I started off my Saturday morning at 4 AM when I peeled myself off the heated mattress and put one foot onto the cold wooden floor of this almost 100 year old house. Even rising that early left little time for coffee, for I had to assemble my regalia and dress before my ride arrived and we would make the almost 3 hour trek to graduation. I knew I was in for a long day, so Mr. B, who I awoke with my alarm, volunteered to make dinner and have it ready and waiting when I arrived home later in the day.
Cold morning, long drive, and too little sleep didn’t matter when I took my rightful place on the stage and extend my hand in congratulations as the students passed by, now graduates and ready to move on with their dreams. It’s one of the things I love the most about what I do, especially when the graduates are older and have made so many sacrifices to achieve their success. The joy and love is overwhelming and usually keeps me buoyant–and awake–as I make the seemingly doubly long trek back home.
It’s the feeling of love that carries me though the front door and across the threshold and, of course, the heavenly and intoxicating aroma of Mr. B’s magical dinner and when he rounds the kitchen corner, dish towel in hand, to kiss me, he exclaims, “I’ve made something you’re going to love.” Then, he takes my hand and leads me right into the kitchen and straight to the stove and proudly lifts the lid of the pot and tells me, “I’ve made lamb Bolognese for you.” And, he pronounces it in an old-school Italian accent that draws the word out into at least eight syllables.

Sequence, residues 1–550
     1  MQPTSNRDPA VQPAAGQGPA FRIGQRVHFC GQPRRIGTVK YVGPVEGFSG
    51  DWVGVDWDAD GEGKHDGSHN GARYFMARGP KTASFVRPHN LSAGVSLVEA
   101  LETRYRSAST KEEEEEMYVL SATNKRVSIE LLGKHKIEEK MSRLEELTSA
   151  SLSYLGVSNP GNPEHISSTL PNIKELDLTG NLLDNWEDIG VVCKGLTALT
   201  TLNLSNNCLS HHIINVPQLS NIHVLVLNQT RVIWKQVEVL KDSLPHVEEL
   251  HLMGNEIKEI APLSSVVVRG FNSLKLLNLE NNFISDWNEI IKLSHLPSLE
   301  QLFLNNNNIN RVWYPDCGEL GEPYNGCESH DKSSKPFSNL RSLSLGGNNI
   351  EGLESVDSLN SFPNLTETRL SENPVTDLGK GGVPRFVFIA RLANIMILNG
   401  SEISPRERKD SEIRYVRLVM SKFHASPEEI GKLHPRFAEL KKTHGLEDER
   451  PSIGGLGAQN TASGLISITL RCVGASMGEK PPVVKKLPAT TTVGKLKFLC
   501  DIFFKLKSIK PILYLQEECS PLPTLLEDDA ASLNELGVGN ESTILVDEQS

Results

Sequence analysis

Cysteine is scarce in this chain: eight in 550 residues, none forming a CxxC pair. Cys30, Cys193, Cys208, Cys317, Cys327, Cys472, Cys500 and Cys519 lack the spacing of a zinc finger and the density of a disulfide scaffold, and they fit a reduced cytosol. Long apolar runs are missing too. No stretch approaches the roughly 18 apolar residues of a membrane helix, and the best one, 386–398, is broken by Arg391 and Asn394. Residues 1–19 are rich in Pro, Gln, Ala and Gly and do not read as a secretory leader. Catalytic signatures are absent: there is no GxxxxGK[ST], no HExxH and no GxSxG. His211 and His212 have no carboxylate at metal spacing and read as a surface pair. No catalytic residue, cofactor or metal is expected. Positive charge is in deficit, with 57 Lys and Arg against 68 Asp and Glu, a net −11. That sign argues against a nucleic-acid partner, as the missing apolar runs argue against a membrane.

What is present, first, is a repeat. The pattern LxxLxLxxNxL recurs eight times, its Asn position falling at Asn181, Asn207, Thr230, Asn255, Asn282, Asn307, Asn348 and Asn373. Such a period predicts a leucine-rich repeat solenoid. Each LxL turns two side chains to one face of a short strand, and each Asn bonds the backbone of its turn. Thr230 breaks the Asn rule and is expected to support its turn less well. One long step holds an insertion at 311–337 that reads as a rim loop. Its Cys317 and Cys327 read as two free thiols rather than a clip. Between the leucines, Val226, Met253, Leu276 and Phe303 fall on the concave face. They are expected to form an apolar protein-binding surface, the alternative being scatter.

I’m startled and he sees the shock register on my face. It’s not something that we’ve ever made before and I’m as shocked by that as I am by the alluring waft of deliciousness that rises, along with the steam, from the pot. But, before I can say anything, he already has a sample on a spoon and it’s headed straight toward my lips, “Here–taste this,” he says as I open my mouth and fall into pure bliss–the lamb, the tomatoes, the bits of carrot and just enough oregano and garlic are unlike anything I’ve ever had before. So, I take off my coat and shoes and graciously accept the glass of wine he brings me and wait, as patiently as possible, while he puts the water on to boil the fresh pasta and puts the bread into the toaster oven.
I already know that I’ll sleep well, a day filled with love and now, the promise of a bowl of pasta and a glass or two of wine. Not bad for a Saturday evening only days into a New Year.
1 pound of grass-fed, New Zealand lamb
1/2 a small onion, finely diced
2 ribs of celery, finely diced
1 large carrot, peeled and finely diced
2 cloves of garlic, finely minced
1 can of tomato paste (6 ounces)
2 cans of water (12 ounces)
1 bay leaf
oregano, salt, and fresh pepper to taste
1. Brown the lamb in a pot and when nearly cooked, add the onion, celery, carrot, and garlic; cook until the vegetables are soft and cooked through.
2. Add the tomato paste, water, bay leaf, and oregano, along with salt and pepper to taste.
3. Let cook, adding more water as needed, until fragrant and complexly flavored.
4. Serve with fresh pasta and Parmesan cheese and a glass or two of red wine–plus, fresh toasted bread to sop up any juices that remain.